We approached our local food bank for their insight and assistance. The result is student only access to the Bloomsburg Food Cupboard on Mondays from 5 to 6 p.m., most weeks during the fall and spring semesters. (Students tend to have food from home or other resources at the beginning of the term.)
This program has been very beneficial for our students, both those who use the service and in creating a heightened social awareness for the greater university community. Weekly, anywhere from a handful to a few dozen students take advantage of this resource. We decided against any income verification process or anything else that could create a barrier to students in need. Our goal continues to be straightforward and simple – feeding students who do not have enough to eat.
Along the way, we’re making improvements. For example, one volunteer noticed that the Food Cupboard regularly stocked ingredients to make chili, yet the students didn’t know how to cook it. So, the volunteer made copies of a recipe and sent it the following week. Another noticed students looking at a head of cabbage, but not selecting it. When asked, the students responded saying that they didn’t know how to make it like their grandmothers. After a few questions, the students had instructions and went home with heads of cabbage.
In addition to the Student Night at the Food Cupboard, emergency food bags are available to students in several offices – Dean of Students, Student Health Center, TRiO Student Support Services, Multicultural Affairs, Women’s Resource Center, and Academic Enrichment, and the Student Affairs office. These bags contain a variety of non-perishables and students just need to ask for them to receive them.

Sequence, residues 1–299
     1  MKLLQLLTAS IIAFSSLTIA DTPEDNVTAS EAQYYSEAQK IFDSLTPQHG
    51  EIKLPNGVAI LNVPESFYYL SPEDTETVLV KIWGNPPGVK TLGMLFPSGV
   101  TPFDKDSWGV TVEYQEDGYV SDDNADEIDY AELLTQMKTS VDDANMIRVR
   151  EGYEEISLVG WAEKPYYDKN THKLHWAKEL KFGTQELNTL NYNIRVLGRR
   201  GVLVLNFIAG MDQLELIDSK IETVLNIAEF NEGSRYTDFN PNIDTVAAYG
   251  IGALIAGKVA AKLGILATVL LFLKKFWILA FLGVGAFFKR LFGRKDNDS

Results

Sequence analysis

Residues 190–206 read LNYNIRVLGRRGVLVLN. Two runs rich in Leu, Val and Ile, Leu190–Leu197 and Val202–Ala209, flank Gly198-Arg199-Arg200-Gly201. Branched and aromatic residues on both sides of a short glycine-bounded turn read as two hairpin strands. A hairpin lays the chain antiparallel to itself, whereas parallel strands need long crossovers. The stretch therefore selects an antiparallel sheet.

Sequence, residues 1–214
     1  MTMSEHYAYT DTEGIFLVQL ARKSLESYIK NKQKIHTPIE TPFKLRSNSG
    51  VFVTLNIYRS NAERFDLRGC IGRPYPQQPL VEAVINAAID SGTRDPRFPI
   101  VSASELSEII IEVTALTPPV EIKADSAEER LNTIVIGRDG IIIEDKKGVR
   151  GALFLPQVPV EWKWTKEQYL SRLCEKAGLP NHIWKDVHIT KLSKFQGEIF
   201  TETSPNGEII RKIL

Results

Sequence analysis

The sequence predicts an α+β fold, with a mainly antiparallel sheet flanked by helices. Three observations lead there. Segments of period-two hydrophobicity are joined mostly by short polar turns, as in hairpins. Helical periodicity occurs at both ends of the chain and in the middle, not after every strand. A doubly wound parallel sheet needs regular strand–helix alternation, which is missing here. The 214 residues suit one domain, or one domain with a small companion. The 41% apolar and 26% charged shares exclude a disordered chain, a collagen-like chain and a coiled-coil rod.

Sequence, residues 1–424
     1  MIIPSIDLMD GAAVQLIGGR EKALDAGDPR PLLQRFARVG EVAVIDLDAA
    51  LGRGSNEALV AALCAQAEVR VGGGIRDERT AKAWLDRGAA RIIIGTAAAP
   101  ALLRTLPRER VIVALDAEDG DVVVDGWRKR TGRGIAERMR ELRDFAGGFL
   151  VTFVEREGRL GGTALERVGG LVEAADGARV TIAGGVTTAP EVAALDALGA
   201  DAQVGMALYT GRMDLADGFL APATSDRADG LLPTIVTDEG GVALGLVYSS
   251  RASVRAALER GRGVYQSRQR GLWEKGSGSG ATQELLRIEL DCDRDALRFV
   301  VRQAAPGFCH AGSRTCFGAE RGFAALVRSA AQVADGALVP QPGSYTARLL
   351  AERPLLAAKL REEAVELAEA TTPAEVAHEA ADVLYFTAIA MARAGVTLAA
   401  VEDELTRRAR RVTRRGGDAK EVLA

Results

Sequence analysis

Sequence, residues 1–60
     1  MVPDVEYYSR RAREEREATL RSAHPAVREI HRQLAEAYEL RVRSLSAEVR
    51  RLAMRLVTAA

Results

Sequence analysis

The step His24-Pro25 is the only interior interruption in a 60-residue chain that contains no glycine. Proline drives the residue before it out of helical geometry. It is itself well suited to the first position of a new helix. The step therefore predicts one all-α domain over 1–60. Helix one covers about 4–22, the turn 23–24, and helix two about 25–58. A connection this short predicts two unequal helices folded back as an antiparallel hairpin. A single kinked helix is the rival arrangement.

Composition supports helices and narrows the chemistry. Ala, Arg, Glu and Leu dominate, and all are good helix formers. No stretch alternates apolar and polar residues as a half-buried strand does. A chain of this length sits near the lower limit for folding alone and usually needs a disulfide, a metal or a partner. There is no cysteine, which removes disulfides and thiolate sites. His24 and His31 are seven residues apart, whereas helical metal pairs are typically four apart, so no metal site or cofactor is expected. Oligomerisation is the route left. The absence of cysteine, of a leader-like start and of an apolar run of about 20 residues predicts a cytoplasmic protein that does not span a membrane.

The team working on this initiative is very conscientious and thought of details like, providing sandwich bags of hotel-sized toiletries or making sure a variety of shopping bags are stocked at the Food Cupboard, so students don’t unintentionally reveal where they were as they walk home. When the Food Cupboard learned the patrons needed can openers, the Dean of Students Office purchased them to be distributed to our students and the community members.
The students who use these services span demographics – they are male, female, white and students of color, and live in both rural and urban areas. Sometimes, individuals hold stereotypes of college students – or more sadly – of college students in need. Our student participants defy these stereotypes.
Our students are grateful for these resources. They don’t understand that we are also grateful for them. If they were not coming forward, we wouldn’t have an opportunity to help them. If this effort helps students focus on their studies, we’re fulfilling our mission as an institution of higher education.
We’re still in need of volunteer assistance for the Hungry Huskies Initiative. If you’re on campus, there are a variety of food drives that assist the Food Cupboard. If you’re off campus, the Food Cupboard accepts cash donations. To volunteer at the BU Student night, please contact Student Affairs at email@example.com or 570-389-4063.
— Dione D. Somerville, vice president for student affairs